8 Most dangerous railway lines in the world that only few people would dare to try!
There is a large group of people who prefer traveling by rail rather than a car. Traveling by train is less tiring, as you do not have to focus on driving and from the window, you can admire the changing landscape. Statistics show that railways are one of the safest means of transport. However, in some parts of the world, the railway lines lead through some very dangerous sections.
Traveling by train is one of the easiest modes of transport and it is the cheapest. It is comfortable, there's place to carry big things and you can travel long routes within the country with ease. But did you know in some places, the railway tracks are built in such a way that it is too dangerous for the commuters to travel? There's one in India too!
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Chennai - Rameswaram, India
The 2.3 km long bridge is part of Chennai's Rameswaram railway line, a popular pilgrimage destination. The bridge was opened to traffic in 1914. The middle part of the bridge is raised to allow for the movement of ships and ferries. The base of the bridge consists of 145 concrete pillars. Despite the strong support, the tracks are often flooded by the ocean. Rail crossings are not easily facilitated by strong winds, which often endangers the trains and the bridge itself. The wind is so strong that trains must slow down to 4 m/s.
Nose of the Devil, Ecuador
To a small village, Alausi in Ecuador, the Sibambe runs a spectacular 14 km railway line. The tracks are arranged in numerous streamers until at some point the train descends 500 m down and it is almost vertical. Engineers managed to steer up the steep climb using switches. Thanks to them, the train zigzags over the steep driveway, moving back and forth. This stretch is one of the most dangerous railroads in the world. For an extra dose of adrenaline ride on the roof of the train, but at your own risk!
The NEXT railway track is literally in the clouds!
Train to the clouds, Argentina
The train route is 217 km long and connects the city of Salta in Argentina with Polvorillo in Chile. The railway line was opened in 1948 after almost 27 years of construction. Currently, the combination is a tourist function. The train ride takes almost 16 hours and runs through 29 bridges, 21 tunnels, and 13 viaducts. The whole journey is 4,200 meters above sea level. It is also one of the most dangerous and beautiful trails among the clouds.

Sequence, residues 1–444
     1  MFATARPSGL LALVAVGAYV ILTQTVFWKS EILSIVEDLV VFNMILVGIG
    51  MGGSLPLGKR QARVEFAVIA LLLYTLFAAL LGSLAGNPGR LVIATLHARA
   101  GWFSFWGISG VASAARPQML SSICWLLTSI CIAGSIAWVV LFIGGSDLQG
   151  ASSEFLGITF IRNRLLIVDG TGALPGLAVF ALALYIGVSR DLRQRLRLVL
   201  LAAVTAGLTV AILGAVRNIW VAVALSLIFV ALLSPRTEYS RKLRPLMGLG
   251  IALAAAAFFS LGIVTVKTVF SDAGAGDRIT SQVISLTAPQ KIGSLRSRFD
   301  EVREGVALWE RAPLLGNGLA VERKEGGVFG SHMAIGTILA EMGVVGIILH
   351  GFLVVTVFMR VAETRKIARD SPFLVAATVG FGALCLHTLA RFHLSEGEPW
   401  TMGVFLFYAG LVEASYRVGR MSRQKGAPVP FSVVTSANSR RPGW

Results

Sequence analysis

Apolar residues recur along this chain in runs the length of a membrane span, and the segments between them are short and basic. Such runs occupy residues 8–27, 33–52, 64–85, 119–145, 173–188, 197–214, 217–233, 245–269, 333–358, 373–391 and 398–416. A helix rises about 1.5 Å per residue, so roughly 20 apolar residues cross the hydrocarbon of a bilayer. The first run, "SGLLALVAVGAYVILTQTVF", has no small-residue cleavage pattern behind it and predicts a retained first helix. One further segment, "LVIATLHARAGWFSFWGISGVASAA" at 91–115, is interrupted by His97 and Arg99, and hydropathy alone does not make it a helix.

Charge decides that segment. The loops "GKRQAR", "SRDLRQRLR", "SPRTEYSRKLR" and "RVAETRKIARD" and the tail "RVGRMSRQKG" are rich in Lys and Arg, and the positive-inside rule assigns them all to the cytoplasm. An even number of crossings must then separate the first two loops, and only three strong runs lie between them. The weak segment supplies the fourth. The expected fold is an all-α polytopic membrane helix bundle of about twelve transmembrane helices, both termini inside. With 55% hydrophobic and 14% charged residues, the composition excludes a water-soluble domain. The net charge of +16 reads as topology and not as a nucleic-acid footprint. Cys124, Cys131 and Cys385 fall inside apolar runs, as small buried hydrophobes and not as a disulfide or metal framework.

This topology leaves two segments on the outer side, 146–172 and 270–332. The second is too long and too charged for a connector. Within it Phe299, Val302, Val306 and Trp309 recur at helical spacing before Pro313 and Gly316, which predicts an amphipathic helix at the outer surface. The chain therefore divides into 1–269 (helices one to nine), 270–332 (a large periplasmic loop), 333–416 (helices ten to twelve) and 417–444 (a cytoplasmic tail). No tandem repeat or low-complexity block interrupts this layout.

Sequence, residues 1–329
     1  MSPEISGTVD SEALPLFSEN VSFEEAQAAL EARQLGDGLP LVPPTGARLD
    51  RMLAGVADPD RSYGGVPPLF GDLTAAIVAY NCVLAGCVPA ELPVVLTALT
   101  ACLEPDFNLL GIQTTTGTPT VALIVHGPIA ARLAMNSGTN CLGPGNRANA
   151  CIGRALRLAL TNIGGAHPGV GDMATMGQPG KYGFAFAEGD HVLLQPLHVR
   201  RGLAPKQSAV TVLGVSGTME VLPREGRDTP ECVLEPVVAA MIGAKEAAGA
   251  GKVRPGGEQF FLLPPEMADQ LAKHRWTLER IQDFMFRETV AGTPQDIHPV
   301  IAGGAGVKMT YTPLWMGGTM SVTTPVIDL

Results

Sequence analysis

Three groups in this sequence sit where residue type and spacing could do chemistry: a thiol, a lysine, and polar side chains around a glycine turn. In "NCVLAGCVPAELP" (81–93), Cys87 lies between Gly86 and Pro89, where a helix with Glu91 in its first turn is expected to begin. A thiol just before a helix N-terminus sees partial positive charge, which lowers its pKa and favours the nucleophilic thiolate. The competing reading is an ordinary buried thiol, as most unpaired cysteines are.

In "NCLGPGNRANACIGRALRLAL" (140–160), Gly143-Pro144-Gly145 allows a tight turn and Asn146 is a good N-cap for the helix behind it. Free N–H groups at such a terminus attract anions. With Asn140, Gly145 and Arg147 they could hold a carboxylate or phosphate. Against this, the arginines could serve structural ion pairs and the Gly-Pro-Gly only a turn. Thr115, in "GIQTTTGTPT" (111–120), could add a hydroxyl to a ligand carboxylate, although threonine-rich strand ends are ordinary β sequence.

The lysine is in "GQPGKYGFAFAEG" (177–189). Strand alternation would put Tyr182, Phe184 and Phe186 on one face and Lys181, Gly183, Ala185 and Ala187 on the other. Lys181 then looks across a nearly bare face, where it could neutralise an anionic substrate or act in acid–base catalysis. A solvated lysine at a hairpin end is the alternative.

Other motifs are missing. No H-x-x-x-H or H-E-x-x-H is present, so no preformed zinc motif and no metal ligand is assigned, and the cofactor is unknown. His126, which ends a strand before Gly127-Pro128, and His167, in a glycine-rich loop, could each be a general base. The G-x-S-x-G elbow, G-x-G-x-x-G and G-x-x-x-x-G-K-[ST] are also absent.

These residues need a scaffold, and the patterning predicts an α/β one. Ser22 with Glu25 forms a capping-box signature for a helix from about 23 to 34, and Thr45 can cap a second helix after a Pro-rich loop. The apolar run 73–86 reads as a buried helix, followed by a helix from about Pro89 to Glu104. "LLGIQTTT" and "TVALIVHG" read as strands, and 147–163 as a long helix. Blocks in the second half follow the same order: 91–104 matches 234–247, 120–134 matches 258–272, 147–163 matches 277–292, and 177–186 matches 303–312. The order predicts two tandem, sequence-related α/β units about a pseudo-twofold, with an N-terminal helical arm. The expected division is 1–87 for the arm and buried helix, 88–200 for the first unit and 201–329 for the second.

White Pass and Yukon, Alaska
Construction of the Yukon Route in Alaska to Klondike, Canada, lasted for 26 months and was completed in 1900. This route was the main route of gold mining in the gold rush of those days. The route was closed in 1982 due to the fall of the mining industry. A few years later, in 1988, the route was made available to tourists. It runs from Skagway, where the railway management building is home to the museum, to Carcross, and its length is 67 km. During the trip you can admire steep slopes, hanging cliffs, rushing rivers and calm lakes.
A train ride among the waterfalls?! That's the NEXT one!
Kuranda Scenic Railway, Australia
The Kuranda Scenic Railway is 34 km long and connects Cairns and Kuranda in Queensland, Australia. The line was built between 1882 and 1891 and leads through the dense rainforests of Barron Gorge National Park, which is on the UNESCO World Heritage List. The tracks run close to the rock overhangs and falling waterfalls that drown the passengers. The train goes through 15 tunnels, 93 sharp corners, and more than 40 bridges.
Georgetown loop, Colorado
This line connects the neighboring towns of Georgetown and Silver Plume in the Rocky Mountains. The narrow railroad track was built in 1877 to facilitate access to the silver mine. It was closed in 1939 and then reopened to tourists in 1984. The train journey is 7.2 km and runs through the mountains, through Clear Creek Valley bridges and the Devil's Gate High Bridge built in 1884, after which the train passes slowly and accurately.
The last track on the NEXT Page is quite scary!
Lynton and Lynmouth Cliff Railway, England
This railway line is 263 meters long and links the English cities of Lynton with Lynmouth. It would not be strange if it were not for the fact that the queue was moving up to the top of a cliff on 58 degrees. The railway was built in 1890 and is located in the heart of Exmoor National Park. The cable car ride offers unforgettable views of the park and the bay surrounding Devon. The queue is made up of two wagons which can accommodate 40 people each.
Cumbres and Toltec Scenic Railroad, New Mexico
It is a narrow gauge railway running between Chama, New Mexico and Antonito, Colorado. The line runs for 103km at an altitude of over 3,000 meters. It runs through the Cumbres Pass and the Toltec Gorge. From the train window, you can admire the beauty of the Rocky Mountains and feel a touch of adrenaline as the train crosses narrow rock edges, loops, flyovers, and tunnels.
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